Free Speech and College

Incompatible concepts? I think not. High school and free speech, maybe. But you don’t think of colleges as a place where you’re not allowed to talk about legalizing marijuana or express your political opinions or put up awesome posters of television shows/movies.

Nevertheless, a police chief in the University of Wisconsin system decided that this Firefly poster constituted a threat (or something):

Ahhhh! Nathan Fillon is coming to get you! Run and hide!

First of all, Firefly is an awesome show and you should go watch it. This quote is clear proof of the sheer awesomeness of the main character. Secondly – what? A threat to whom?

The theater professor who posted this on his office door, James Miller, took his case to the Foundation for Individual Rights in Education (FIRE). After having the Firefly poster removed and getting another e-mail from the police chief threatening disorderly conduct charges if he re-posted the poster that “can cause others to fear for their safety,” Miller decided to respond with a new poster:

The University of Wisconsin-Stout administrators were not amused and the poster was removed. The furor caused by FIRE’s campaign to get Chancellor Charles Sorenson to reverse the decision resulted in a denial:

This was not an act of censorship.  This was an act of sensitivity to and care for our shared community, and was intended to maintain a campus climate in which everyone can feel welcome, safe and secure.

Ha. Yeah, right. Taking down posters is totally not censorship. On the upside, if the professor was a student or teacher in high school he probably would’ve been expelled or fired. (Think of “Bong Hits 4 Jesus” incident and the Supreme Court case crushing students’ free speech rights.) Instead he just got threatened with a lawsuit.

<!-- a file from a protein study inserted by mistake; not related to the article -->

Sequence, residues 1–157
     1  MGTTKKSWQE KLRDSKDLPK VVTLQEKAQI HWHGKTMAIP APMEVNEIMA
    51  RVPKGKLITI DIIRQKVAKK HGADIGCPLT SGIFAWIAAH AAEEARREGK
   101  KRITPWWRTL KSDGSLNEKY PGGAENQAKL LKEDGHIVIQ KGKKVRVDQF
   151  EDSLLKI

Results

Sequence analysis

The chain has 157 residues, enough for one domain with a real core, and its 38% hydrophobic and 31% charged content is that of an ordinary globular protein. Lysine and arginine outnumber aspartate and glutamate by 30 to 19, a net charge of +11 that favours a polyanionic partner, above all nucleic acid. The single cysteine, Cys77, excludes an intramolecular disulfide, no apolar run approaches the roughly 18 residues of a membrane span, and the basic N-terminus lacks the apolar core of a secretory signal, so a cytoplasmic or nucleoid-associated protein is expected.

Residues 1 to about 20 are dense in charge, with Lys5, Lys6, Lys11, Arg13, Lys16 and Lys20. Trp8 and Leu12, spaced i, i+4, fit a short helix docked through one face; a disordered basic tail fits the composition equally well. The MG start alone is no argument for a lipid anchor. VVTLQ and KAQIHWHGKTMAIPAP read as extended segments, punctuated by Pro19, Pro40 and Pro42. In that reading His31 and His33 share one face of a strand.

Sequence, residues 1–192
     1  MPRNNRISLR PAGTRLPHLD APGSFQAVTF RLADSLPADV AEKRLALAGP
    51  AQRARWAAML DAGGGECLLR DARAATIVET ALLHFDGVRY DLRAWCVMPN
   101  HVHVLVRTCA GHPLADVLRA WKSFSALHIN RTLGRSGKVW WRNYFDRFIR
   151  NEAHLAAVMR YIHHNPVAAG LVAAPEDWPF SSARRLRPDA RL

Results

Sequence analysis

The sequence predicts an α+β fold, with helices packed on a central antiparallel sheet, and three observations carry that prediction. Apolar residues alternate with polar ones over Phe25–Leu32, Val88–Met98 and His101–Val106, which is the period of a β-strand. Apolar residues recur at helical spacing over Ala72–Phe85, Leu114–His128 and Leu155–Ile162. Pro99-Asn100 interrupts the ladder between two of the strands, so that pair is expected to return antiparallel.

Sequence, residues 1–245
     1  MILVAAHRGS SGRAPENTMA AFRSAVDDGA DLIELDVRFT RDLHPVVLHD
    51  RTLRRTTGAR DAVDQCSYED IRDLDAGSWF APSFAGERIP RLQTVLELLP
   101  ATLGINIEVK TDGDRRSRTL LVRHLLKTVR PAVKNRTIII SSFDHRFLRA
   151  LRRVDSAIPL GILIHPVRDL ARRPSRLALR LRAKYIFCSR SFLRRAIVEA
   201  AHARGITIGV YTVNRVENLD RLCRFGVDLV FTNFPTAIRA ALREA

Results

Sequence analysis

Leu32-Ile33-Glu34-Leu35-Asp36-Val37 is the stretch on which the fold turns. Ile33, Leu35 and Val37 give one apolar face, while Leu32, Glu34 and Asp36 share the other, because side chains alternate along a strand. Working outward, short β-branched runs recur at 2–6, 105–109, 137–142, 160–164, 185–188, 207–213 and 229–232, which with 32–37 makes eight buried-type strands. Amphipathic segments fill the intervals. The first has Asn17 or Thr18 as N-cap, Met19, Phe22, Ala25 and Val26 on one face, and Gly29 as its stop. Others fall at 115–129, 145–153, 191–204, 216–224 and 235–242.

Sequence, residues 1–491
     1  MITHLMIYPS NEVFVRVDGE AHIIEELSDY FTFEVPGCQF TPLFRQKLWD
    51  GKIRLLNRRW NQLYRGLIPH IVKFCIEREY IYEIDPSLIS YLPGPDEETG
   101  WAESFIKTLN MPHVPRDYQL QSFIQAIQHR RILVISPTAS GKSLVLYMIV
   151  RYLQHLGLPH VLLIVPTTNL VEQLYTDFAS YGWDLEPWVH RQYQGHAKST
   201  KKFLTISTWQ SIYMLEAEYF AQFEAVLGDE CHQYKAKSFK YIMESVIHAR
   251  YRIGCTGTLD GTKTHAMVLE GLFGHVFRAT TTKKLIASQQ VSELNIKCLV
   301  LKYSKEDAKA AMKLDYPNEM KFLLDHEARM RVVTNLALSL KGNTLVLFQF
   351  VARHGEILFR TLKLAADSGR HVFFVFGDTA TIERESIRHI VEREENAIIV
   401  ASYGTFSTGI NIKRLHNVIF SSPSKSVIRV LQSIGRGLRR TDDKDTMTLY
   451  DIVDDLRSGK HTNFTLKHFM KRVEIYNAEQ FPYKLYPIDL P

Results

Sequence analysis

FIRE has a nice rating system of the First Amendment friendliness of colleges, searchable by state or school name. Mizzou gets a red light because of one of the policies against sexual harassment:

Here are some examples of behaviors that may be sexually harassing:

* Leering or ogling
* Remarks of a sexual nature, such as comments about a person’s clothing, appearance, or sexual experience
* Suggestive or insulting sounds
* Off-color jokes or obscene gestures


When the harassment rises to the level that it interferes with employment or with education, then it becomes illegal and also violates the University’s policy. But even lesser levels of sexually harassing behaviors may be inconsistent with MU’s commitment to a safe and inclusive work and learning environment.

Well, you can see how this might become a problem. “Leering or ogling”? “Off-color jokes”? I mean, sure, I hate creepy guys just as much as the next girl, but I can also see how this could violate the creepy guys’ free speech rights. Of course, a strict policy against sexual harassment empowers people who feel victimized to speak out. And it’s amazing how human beings can communicate without using sexual language so much that everybody else in the room uncomfortable.

I can easily think of a few people I’ve encountered in college who make sexist, offensive comments just as a joke way more than I’m comfortable with. The great thing about a big school? I can avoid people I don’t like so easily.

It’s a different story if you’re forced to encounter people who make you uncomfortable with their words and/or actions – if you work with them or they stalk you creepily (it happens). Which is where this kind of policy would come in handy. It’s not like the MU Equity Office is trying to stop everyone from making jokes about women belonging in the kitchen or calling people names – they offer informal mediation between parties to (hopefully) stop the situation from escalating.


Firefly good, censorship for arbitrary reasons bad.


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